The Product Stewardship Institute (PSI) released two new how-to guides for recycling scrap carpet and used mattresses to help state and local government officials address the multi-million dollar challenge of managing these bulky products safely, responsibly and cost-effectively.

Scrap carpet poses a looming threat, with Americans discarding nearly 3.9 million tons of carpet and rugs each year and recycling only about 7.5%. More than 50,000 mattresses are discarded each day in the U.S., the equivalent of close to 20 million annually. While as much as 90% of mattress components—steel, cotton and foam—are recyclable, less than 5% of mattresses are salvaged annually; the rest present operational problems for our nation's landfills and waste-to-energy plants.

“Recycling used carpet and mattresses saves resources, creates jobs and reduces greenhouse gas emissions and energy use,” said Scott Cassel, PSI's chief executive officer and founder. “Currently, the cost of recycling or disposing of these products falls on government and taxpayers, and that is not sustainable. The burden needs to be shifted to manufacturers and consumers for these valuable materials to enter the circular economy.”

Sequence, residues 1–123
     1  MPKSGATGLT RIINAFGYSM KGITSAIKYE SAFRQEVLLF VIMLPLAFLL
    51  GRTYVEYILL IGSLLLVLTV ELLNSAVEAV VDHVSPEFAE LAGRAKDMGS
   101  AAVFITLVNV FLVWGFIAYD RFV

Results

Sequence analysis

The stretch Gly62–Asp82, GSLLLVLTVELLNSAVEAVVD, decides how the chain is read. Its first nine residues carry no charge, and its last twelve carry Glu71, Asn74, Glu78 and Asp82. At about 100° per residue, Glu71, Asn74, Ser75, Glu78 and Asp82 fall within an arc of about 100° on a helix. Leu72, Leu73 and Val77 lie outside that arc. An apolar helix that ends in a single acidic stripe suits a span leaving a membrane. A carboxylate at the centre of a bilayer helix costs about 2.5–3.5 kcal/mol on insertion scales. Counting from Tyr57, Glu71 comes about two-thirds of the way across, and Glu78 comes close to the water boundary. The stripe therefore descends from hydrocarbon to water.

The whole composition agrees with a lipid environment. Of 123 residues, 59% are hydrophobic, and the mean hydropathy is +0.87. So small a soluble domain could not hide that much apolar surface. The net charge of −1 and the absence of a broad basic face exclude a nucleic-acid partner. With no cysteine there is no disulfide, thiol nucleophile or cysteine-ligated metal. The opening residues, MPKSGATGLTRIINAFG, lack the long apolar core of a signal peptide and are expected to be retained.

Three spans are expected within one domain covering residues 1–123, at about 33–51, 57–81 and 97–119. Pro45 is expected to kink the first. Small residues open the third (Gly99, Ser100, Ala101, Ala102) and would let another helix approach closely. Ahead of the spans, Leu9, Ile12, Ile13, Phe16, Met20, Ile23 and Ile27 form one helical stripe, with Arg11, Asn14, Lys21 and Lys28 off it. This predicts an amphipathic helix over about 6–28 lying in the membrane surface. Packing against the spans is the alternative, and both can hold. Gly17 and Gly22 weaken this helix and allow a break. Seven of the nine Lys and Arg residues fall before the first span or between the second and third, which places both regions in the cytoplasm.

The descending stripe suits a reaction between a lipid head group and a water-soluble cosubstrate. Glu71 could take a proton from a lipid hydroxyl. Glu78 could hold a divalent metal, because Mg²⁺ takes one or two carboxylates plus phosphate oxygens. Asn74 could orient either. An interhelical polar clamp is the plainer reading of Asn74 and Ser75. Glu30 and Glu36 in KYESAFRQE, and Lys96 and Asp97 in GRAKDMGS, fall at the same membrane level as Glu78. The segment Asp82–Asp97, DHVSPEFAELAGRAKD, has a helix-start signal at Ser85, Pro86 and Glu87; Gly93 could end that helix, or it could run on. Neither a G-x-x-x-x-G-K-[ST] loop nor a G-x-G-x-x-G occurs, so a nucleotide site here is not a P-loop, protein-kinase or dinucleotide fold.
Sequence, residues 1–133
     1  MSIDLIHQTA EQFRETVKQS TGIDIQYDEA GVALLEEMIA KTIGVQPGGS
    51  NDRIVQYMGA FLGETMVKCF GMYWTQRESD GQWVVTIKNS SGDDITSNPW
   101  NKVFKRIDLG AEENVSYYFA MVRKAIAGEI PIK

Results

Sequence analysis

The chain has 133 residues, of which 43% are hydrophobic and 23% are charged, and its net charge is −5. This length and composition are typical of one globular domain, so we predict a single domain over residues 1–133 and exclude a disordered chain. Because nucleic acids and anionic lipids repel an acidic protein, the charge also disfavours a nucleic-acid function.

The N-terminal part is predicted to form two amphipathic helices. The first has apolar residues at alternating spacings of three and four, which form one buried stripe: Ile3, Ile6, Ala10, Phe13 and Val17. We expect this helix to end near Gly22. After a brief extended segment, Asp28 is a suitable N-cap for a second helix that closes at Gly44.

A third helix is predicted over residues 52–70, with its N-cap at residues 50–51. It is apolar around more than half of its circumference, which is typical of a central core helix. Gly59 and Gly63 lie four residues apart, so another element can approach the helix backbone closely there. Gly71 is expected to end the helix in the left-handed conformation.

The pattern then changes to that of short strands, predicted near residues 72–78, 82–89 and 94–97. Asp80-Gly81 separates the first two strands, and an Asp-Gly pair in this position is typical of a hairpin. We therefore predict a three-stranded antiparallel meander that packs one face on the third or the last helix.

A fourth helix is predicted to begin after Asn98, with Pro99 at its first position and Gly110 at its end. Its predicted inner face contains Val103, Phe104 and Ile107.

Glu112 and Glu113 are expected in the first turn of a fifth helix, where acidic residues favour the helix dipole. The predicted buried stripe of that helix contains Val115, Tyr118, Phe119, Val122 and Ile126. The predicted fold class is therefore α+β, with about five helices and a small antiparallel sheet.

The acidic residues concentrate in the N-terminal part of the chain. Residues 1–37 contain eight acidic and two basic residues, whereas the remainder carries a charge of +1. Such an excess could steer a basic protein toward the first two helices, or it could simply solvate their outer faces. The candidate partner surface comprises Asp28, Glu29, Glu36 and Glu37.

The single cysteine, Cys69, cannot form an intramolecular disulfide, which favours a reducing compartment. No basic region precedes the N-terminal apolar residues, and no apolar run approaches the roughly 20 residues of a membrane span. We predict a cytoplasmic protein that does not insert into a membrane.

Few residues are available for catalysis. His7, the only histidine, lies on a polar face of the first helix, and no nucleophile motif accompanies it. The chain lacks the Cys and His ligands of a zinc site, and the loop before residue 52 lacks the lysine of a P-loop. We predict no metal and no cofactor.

Funded by the U.S. Department of Agriculture (USDA), the guides lay out key steps to reduce waste and set the stage for successful product stewardship programs. More specifically, the guides provide tools for state and local governments to increase awareness of recycling opportunities and best practices; implement convenient and effective collection systems, collaborate with various stakeholders in the carpet and mattress life cycle and lay the groundwork for extended producer responsibility (EPR) legislation.

“Bulky waste recycling depends on the collaborative efforts of all involved stakeholders—including manufacturers, collectors, storage facilities, processors and state and local governments,” said Kathy Frevert, senior environmental scientist at the California Department of Resources Recycling and Recovery (CalRecycle). “Ensuring that materials are properly managed as they flow from one link to another in the management chain, and that the economics are viable at each link, is important for developing an effective program.”

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